Schoenlein-Henoch purpura should be considered if a child or baby develops a fever with swelling in the extremities after the flu or a childhood illness has already subsided. This disease is also associated with punctiform skin bleeding, which sometimes look like blood blisters.
What is Henoch-Schoenlein Purpura?
Schoenlein-Henoch purpura is an inflammatory disease of the blood vessels triggered by the immune system. In the run-up, there may be a slight fever and pain, later the small and medium-sized vessels in particular lose stability and the blood can penetrate the overlying skin. See topbbacolleges for Definitions of Liver Failure.
The punctiform skin hemorrhages that are typical of this disease occur, which are also known as petechiae. There is also swelling on the backs of the feet and hands due to the accumulation of tissue fluid in these areas. The affected children are conspicuous by a sudden restriction of movement.
In some cases, Schoenlein-Henoch purpura can also cause inflammation of the kidneys or intestines, since the disease can also manifest itself on the mucous membranes. This leads to bloody diarrhea and blood in the urine. The disease progresses in phases that last several weeks. Children up to school age are particularly affected, but hardly any babies or young people.
In most cases, purpura Schoenlein-Henoch is the result of a previous illness such as chickenpox, rubella or measles and occurs up to three weeks after these infections. Schoenlein-Henoch purpura can also occur after a simple flu infection or after an infection with influenza A viruses and other diseases that primarily affect the upper respiratory tract.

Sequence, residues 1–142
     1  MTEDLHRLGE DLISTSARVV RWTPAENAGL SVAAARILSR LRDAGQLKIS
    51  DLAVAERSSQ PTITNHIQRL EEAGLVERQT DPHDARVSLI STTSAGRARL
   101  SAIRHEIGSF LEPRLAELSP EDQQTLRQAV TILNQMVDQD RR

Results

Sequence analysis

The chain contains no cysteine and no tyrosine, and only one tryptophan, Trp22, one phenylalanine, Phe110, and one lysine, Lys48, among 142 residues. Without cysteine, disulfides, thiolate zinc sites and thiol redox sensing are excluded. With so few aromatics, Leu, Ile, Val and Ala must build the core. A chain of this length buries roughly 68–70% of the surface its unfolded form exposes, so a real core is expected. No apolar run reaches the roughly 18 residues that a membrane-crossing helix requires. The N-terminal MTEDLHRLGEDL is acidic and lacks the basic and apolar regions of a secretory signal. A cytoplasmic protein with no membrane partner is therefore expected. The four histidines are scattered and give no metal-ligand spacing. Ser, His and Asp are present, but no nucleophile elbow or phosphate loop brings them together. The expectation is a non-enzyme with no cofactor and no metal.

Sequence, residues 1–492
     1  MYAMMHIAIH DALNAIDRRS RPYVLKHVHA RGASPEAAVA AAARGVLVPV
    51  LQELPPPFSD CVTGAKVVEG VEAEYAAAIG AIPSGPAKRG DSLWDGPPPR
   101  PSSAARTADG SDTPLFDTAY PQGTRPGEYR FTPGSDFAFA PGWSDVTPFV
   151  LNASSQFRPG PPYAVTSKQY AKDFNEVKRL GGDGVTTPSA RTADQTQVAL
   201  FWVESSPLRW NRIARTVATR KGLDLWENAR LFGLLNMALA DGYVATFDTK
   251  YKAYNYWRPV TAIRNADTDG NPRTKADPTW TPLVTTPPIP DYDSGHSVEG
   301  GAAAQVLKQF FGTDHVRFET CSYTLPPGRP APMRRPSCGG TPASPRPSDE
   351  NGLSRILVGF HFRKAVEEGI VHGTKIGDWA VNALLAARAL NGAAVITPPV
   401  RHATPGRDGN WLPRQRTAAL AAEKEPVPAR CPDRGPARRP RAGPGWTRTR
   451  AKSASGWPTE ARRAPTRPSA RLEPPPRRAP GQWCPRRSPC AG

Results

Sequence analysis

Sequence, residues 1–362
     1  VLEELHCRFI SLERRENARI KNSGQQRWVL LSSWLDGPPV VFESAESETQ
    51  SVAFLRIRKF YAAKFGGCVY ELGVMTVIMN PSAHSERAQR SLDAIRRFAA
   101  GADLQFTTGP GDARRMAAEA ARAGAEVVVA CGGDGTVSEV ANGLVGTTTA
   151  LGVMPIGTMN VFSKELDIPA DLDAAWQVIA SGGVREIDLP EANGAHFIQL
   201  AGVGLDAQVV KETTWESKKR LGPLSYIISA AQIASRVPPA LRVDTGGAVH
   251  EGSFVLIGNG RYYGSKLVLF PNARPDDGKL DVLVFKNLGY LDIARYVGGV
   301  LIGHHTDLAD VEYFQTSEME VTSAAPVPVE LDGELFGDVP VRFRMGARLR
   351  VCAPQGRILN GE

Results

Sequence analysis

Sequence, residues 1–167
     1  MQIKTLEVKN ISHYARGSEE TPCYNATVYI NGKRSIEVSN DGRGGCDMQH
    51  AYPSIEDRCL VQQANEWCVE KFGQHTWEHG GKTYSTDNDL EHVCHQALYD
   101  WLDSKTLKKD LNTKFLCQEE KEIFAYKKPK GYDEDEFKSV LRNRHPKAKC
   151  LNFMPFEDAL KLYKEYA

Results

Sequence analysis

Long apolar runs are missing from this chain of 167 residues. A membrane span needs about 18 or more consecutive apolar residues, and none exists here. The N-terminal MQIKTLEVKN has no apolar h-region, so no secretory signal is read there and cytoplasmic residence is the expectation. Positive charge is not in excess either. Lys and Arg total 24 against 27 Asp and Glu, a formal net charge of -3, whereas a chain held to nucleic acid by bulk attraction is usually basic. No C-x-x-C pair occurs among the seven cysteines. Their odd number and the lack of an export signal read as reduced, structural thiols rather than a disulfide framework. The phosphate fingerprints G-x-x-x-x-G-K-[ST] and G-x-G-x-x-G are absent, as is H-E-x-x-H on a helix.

Taking medication is very rarely the cause of this immune response. In individual cases, there is therefore no recognizable cause for the occurrence of the disease. It is not yet known why Schoenlein-Enoch purpura manifests itself. However, allergic reactions of the patient to the pathogens are assumed to be the trigger for the sudden inflammatory reactions.
Symptoms, Ailments & Signs
The first symptoms usually start suddenly. They don’t appear continuously, but come in batches. The children feel ill, suffer from loss of appetite, stomach cramps and headaches. The characteristic signs of Schoenlein-Henoch purpura then follow as the process progresses: small punctiform hemorrhages (petechiae) of initially only a few millimeters in diameter.
Over time, they enlarge and join together to form larger patches. Most often they are found on the buttocks and lower legs. They do not itch, cannot be pushed away, are slightly raised and palpable. As a rule, they are distributed symmetrically on the body. Furthermore, the petechiae can also develop in the digestive tract, which leads to bloody diarrhea and colicky abdominal cramps.